Cellular PVC trim extruder Versatex Trimboards, founded in 2003, is growing up.
The company moved into a new 60,000-square-foot manufacturing plant in Aliquippa, Pa., the company announced Sept. 5.
The new building sits on a 10-acre site and is equipped to handle capacity increases. Plans also are in place for an additional 60,000-square-foot building as demand grows. Versatex employs about 50.
Sales have doubled every 18 months since the company's launch, President John Pace said in a Sept. 5 telephone interview.
Pace said it has been a difficult year given the economic climate in the construction industry, but the company and product category are doing well despite it.
Using free-foam technology, similar to that of market leader Azek Building Products Inc. of Moosic, Pa., Versatex makes trim, sheet and millwork designed to replace wood and wood composites in exterior applications. Free foam has a fine cell structure and produces a matte surface.
Some other cellular PVC extruders make foam profiles using a Celuka process, which involves cooling the surface of the profile to form a solid skin. The part is structurally stronger, but tends to have a glossy appearance and can fracture when hit with a hammer.
The overall market trend toward low-maintenance building products and wood replacement is not going away, and Versatex is capitalizing on it.
Officials at Versatex, which is owned by Aliquippa-based Wolfpac Technologies Inc., come from the vinyl siding industry, Pace said. Thorough knowledge of the exterior cladding market has given Versatex an advantage. Through slight alternations to the profiles, and the ability to cut boards to length without charging a premium for it, Versatex has made life easier for home builders, Pace said.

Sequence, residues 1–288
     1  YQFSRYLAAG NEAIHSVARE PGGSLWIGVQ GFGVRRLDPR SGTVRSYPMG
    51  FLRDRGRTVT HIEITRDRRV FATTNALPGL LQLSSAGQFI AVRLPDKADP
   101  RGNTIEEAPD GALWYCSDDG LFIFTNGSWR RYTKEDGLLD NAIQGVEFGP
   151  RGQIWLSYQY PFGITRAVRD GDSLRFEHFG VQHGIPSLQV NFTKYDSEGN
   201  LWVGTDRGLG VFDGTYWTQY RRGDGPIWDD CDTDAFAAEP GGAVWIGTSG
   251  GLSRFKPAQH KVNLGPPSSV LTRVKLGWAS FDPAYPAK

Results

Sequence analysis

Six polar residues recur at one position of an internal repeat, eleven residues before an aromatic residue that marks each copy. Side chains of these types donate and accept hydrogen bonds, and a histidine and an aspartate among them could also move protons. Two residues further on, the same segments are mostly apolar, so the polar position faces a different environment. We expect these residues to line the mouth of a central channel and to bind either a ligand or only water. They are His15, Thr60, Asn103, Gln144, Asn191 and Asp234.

``We have builder forums,'' he said. ``We get to understand what they're doing. Most of these ideas come from contractors and builders in the market.''
Cellular PVC, in many cases, has become the material du jour in exterior plastic building products. Azek and several others, including KÃ¶mmerling USA Inc., Gossen Corp., Versatex and Fypon Ltd. which typically foams urethane to make its products have turned cellular PVC into a significant and fast-growing industry.
The surging popularity of the product helped it work its way into the wood-plastic composite decking industry in 2007 and this year, as several composite decking extruders turned to cellular PVC for use in their most-expensive offerings.
Pace is bullish for the future.
``We think we'll continue to grow,'' he said. ``We grew significantly last year, and we're having another very good year this year in a down market.''